Congratulations. You’ve been accepted into the university of your choice and the next 4 years of your life stretch ahead of you full of boundless possibilities. No more swapping for exams, racing to get assignments done on time or any of the other boring drudge that goes with high school living. Or so you think….
For some high school students, university may seem like an opportunity to breeze their way through 4 years. The reality however is quite different. University is another 4 years of more of the same as their high school years – studying for exams, racing to get assignments done on time, attending lectures, and generally putting in some quality time to get a degree that will ensure they can support themselves for the rest of their lives.
The difference is that where high school authorities, and your parents, took a dim view of skipping classes, late assignments and such, university authorities are much more prone to simply shrugging their shoulders and adopting an attitude of ‘all good things come to those who work for them’. In other words, you’re really only letting yourself and your future down if you fritter away your years at university. The university doesn’t particularly care if you get your degree or not. Lectures don’t have roll calls to see who is and isn’t there. If you choose not to attend, that’s your loss, and your problem. Further, you likely won’t have your parents hovering over you either prompting you to do things. You’re on your own, and responsible for your own destiny.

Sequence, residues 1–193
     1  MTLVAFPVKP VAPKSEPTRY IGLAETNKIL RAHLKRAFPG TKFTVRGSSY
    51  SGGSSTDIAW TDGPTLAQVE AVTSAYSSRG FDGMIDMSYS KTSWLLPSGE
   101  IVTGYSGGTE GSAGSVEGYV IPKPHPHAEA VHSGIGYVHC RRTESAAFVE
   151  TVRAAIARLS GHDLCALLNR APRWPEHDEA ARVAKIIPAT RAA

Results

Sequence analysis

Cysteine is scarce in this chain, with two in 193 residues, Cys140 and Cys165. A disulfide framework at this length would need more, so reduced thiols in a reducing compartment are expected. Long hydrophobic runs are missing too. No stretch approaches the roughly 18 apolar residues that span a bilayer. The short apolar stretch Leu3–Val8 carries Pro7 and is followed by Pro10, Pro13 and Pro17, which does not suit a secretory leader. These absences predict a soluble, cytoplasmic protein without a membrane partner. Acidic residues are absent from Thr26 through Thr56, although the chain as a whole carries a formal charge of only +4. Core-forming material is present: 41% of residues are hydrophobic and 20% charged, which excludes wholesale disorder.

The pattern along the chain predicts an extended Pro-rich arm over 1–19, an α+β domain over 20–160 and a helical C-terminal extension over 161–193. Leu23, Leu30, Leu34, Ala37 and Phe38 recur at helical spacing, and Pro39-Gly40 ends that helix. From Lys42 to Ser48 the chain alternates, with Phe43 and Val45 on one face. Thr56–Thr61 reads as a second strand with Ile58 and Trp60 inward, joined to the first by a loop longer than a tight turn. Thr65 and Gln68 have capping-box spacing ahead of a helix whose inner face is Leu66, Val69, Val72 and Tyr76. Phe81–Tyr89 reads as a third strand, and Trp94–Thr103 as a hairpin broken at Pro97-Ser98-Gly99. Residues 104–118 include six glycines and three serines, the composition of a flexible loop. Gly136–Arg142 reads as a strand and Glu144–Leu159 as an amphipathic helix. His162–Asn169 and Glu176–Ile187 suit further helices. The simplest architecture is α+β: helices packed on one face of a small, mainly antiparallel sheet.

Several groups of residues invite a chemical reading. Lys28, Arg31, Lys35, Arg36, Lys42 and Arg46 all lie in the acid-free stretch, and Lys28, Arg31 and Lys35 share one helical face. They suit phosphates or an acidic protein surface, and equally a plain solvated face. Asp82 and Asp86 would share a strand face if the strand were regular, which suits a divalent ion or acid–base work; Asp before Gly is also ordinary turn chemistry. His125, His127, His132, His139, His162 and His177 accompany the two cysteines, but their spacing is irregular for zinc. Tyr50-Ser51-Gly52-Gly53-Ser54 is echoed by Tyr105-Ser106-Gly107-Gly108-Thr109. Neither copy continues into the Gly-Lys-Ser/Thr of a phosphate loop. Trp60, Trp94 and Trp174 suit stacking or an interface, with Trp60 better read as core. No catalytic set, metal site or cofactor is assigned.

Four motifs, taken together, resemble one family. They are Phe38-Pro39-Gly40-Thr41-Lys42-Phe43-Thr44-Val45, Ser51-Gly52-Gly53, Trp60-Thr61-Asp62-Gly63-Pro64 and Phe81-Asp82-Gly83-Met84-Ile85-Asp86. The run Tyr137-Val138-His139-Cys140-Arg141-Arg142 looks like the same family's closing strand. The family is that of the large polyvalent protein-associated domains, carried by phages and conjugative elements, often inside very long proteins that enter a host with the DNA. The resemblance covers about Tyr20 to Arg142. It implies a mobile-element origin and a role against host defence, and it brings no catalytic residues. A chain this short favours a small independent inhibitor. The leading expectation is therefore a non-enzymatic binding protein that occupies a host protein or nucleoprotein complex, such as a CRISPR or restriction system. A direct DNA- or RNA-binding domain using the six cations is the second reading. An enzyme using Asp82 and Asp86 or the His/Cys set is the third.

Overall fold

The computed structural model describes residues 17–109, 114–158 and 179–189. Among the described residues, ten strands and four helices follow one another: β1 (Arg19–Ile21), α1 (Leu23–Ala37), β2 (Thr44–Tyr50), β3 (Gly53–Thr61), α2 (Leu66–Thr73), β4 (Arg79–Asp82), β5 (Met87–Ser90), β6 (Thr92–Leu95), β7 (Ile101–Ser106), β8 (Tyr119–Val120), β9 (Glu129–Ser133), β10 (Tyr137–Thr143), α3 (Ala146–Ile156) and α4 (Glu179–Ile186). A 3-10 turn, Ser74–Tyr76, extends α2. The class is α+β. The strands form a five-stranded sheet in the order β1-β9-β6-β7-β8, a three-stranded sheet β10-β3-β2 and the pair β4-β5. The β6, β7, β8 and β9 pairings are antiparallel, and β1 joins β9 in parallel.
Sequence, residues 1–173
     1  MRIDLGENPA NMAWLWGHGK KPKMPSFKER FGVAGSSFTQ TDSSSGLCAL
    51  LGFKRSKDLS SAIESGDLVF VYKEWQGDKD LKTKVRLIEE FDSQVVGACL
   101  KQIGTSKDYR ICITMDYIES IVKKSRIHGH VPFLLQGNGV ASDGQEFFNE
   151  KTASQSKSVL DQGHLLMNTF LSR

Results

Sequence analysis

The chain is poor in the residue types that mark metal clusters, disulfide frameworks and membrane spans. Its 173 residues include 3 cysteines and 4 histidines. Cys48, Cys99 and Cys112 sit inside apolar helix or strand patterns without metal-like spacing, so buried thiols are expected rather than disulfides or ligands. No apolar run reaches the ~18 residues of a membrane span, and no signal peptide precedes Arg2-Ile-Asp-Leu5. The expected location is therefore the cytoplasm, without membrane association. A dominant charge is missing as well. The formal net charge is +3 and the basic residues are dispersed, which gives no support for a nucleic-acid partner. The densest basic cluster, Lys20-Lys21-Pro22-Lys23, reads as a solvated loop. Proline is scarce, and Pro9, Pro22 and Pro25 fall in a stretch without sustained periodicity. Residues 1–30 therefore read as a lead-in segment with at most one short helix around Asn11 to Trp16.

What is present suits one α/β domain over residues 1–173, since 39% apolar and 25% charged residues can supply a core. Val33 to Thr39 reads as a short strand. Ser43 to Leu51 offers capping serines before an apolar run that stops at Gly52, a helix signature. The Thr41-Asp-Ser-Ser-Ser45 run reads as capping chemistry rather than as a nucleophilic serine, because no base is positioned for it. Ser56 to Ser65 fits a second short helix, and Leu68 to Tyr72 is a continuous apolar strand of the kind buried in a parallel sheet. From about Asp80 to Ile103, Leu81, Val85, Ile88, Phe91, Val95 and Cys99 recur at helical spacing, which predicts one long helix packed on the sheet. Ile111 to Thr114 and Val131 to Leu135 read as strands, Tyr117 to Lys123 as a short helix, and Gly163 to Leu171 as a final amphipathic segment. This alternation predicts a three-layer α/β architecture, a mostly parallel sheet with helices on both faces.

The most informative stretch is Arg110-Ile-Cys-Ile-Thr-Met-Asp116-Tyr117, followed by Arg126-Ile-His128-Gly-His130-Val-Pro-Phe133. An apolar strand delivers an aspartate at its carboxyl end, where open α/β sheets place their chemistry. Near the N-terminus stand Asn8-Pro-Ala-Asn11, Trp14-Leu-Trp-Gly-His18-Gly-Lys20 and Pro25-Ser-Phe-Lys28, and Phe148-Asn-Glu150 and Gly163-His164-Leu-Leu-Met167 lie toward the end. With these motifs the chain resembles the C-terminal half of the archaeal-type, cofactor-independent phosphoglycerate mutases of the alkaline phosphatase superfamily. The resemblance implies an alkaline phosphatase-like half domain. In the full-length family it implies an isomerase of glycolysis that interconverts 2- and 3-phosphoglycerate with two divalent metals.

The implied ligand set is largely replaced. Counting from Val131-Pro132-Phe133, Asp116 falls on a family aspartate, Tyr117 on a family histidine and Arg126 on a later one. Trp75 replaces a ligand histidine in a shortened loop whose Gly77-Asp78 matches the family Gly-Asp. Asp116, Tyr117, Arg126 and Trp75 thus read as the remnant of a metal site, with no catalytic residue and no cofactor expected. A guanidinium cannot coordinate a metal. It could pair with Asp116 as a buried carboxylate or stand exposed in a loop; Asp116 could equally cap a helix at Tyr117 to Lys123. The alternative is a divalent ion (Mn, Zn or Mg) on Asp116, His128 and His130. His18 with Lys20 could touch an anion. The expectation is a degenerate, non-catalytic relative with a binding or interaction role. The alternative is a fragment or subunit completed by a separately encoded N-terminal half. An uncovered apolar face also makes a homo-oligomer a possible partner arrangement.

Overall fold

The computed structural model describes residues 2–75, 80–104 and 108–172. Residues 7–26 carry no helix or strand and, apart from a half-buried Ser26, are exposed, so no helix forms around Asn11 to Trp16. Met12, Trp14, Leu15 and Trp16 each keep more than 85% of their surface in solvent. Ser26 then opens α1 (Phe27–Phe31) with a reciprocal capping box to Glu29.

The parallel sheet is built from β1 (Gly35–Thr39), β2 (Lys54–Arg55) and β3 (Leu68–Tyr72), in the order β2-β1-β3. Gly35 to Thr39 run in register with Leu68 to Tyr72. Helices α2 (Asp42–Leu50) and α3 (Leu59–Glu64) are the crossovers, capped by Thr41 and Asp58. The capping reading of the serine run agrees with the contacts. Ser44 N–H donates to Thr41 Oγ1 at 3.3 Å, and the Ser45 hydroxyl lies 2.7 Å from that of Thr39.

There’s no shortage of things to do and see at university either. And also no shortage of things that your parents used to take care of for you. If you’re living on campus, that means being responsible for your own laundry, washing, grocery shopping, cooking and the myriad of other chores that make up life’s daily routine. On top of this, you need to find the time to study!
It’s now your responsibility to manage your time so you can fit in all of these activities. There’s no ‘higher authority’ overseeing the process; you sink or swim by your own efforts. The temptation to enjoy this sudden freedom may be strong but you’ll find out rather quickly that if you don’t also exercise some discipline and self-control, your academic career won’t be very successful. It’s an excellent learning curve for adult life in fact!
This isn’t to say that university is all grind and no fun though. It can be one of the best times of your life, as well as one of the most rewarding educationally. However, it takes discipline to ensure the good times are balanced with the study times. You do this by developing good time management skills. This will let you to successfully balance your university life so you get enough recreation whilst still putting in enough academic time to get your degree.
Draw up a time management plan. Decide what your specific goals need to be, and when you’re going to put in the work to achieve them. If you don’t, you’re likely to fall victim to the biggest time waster of all – procrastination. Like the famous saying goes – if you fail to plan, you’re planning to fail. You may even decide that pursuing an online degree is easier but again, it requires commitment to putting in the time needed to study and complete assignments. The difference is that you can fit these things in around your other commitments, and for some people that just may be easier to achieve.
Looking for a career in the fire services and considering doing it online? Don’t be fooled into thinking that taking online fire classes for certifications like Fire Officer is much different to doing any other type of online degree or certification. Even though fire certifications don’t take as long to get as a degree, you still need to plan your time. This is particularly the case if you’re also working whilst you’re studying.